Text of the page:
The Speak Up 2016 survey results are starting to come in, and they’re showing some interesting trends in digital learning. Below are the seven concepts that are bubbling up to the top right now.
No surprise here. Superintendents are reporting that funding, bridging the achievement gap, and staff morale are their top concerns. These are the same concerns that have topped their list for the past six years. However, the level of concern on these topics has increased this year.
With the attacks from the media recently on the teaching profession, it’s certainly understandable why staff morale is low. And with reduced funding at both the state and national levels, there is even more reason for teachers to be unhappy right now. The achievement gap, despite the best efforts of our educators, seems to be growing as the digital divide across our country grows.
There is some good news, however. Campus leaders are reporting that data-informed instruction, social media communications, and online assessments are making a difference with today’s students. Other technology enhancements that seem to have a positive ROI include videos, simulations and animations within instruction; cloud-based applications and tools; student access to mobile devices in school; and online professional development for teachers. These might be good trends to investigate for your district this next school year. (If you need help planning for and implementing any of these, TCEA can help. Just email Dr. Bruce Ellis to get started.)
Online videos and online games top the list of digital content being used in the classroom now, with online curriculum and online textbooks following closely behind. The key takeaway from this result is that school districts (and their technology staff) must be planning for and providing greater bandwidth and more WiFi access as the need for online learning continues to grow. This is a trend that will only continue to grow over time.
Student use of devices shows some interesting changes. 58 percent of high school students and 25 percent of middle school students are now bringing their own devices to school for classwork. But how they choose to use those devices on their own is different from how their teachers are directing them to use them. When teachers direct, students use them to:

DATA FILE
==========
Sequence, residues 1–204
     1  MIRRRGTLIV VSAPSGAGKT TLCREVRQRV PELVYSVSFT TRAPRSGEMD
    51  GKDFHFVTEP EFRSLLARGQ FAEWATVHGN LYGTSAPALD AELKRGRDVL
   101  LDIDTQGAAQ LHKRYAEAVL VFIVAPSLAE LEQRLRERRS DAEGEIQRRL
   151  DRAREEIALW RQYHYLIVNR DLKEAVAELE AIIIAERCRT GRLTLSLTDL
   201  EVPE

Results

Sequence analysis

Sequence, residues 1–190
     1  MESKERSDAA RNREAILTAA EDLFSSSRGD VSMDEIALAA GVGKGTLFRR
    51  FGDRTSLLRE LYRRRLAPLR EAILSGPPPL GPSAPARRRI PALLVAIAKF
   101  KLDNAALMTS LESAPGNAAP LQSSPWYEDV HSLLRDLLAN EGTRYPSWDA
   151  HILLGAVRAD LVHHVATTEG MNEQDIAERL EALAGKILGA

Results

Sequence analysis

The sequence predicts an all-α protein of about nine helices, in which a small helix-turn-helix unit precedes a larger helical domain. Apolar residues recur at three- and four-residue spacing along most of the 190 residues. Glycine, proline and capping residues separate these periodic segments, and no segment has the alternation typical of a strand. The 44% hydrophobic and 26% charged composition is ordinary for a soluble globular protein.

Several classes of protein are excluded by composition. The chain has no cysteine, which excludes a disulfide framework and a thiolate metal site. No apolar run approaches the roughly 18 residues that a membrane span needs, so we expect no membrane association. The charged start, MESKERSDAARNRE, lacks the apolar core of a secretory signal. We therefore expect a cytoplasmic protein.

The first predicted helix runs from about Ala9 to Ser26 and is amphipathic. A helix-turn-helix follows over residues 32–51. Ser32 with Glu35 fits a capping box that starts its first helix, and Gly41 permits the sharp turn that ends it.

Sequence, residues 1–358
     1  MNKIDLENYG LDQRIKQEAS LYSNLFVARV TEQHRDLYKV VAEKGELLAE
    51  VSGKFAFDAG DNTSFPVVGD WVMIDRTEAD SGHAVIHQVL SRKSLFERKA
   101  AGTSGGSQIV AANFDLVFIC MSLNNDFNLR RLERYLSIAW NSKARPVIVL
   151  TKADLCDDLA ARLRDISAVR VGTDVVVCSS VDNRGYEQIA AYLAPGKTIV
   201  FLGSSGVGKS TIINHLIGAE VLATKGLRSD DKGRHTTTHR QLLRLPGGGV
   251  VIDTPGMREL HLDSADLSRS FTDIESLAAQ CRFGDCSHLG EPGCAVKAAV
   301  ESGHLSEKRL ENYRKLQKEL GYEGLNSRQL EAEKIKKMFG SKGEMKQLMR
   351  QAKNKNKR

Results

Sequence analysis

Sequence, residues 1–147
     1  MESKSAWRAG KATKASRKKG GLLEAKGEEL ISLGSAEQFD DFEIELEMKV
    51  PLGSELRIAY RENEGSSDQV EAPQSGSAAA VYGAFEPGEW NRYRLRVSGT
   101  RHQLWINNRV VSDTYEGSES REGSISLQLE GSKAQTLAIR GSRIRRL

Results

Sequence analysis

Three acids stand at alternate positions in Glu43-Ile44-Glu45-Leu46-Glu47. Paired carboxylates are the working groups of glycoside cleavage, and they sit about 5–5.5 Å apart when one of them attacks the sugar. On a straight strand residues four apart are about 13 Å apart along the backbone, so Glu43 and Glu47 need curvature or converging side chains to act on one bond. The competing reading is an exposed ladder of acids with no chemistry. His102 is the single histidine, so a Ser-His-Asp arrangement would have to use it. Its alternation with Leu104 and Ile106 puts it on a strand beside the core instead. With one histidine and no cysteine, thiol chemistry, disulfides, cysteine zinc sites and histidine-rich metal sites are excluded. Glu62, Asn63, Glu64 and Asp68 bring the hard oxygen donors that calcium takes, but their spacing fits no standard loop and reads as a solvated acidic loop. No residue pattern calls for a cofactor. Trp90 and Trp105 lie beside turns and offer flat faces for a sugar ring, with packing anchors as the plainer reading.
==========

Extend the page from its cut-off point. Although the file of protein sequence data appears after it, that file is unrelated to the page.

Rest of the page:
- Do Internet research (81%)
- Play educational games (60%)
- Take online tests (50%)
- Read online articles (37%)
- Use online textbooks (32%)
- Watch teacher-created videos (29%)
But when self-directed, those same devices are used by the students to:
- Check grades (74%)
- Look up class information (54%)
- Email teachers (41%)
- Receive reminders (39%)
- Take notes (39%)
- Take photos of assignments (29%)
This seems to indicate that the learners are using the technology for more productivity uses on their own, which may mean that they have internalized and adopted them more completely than their teachers. This would be a good discussion topic for future educator inservices.
This is a continuation of the previous trend, which shows that the four main groups surveyed (teachers, administrators, parents, and students) all remain on different pages when technology use for learning is discussed. According to the report, “Few teachers say they regularly assign Internet-dependent homework, more principals think Internet-dependent homework is being assigned, but students say they regularly use the Internet to help with homework.”
The report shows that social media is playing a larger role in learning for all surveyed.
- In 2011, 50 percent of students in grades 6-12 said they could not access social media tools at school. In 2016, only 38 percent of students had the same complaint.
- Nearly half (45 percent) of teachers said that they pinned a lesson on Pinterest in the past year and 19 percent use Twitter to follow education experts or fellow educators.
- Eight of ten school principals say they are using social media to communicate with parents and students – 61 percent said it has a positive impact.
There continues to be a divide between social media used by students (Instagram and Snapchat) and that used by adults (Facebook). But 44 percent of students do say that social media is a must-have for their learning.
Parents more than ever prefer receiving a personal email from their child’s school. Face-to-face meetings and text messages were a distant second, as you can see from the chart below.
The results of this extensive survey with its longitudinal data should be shared and discussed at district leadership meetings and professional development sessions in every district. What are your students telling you?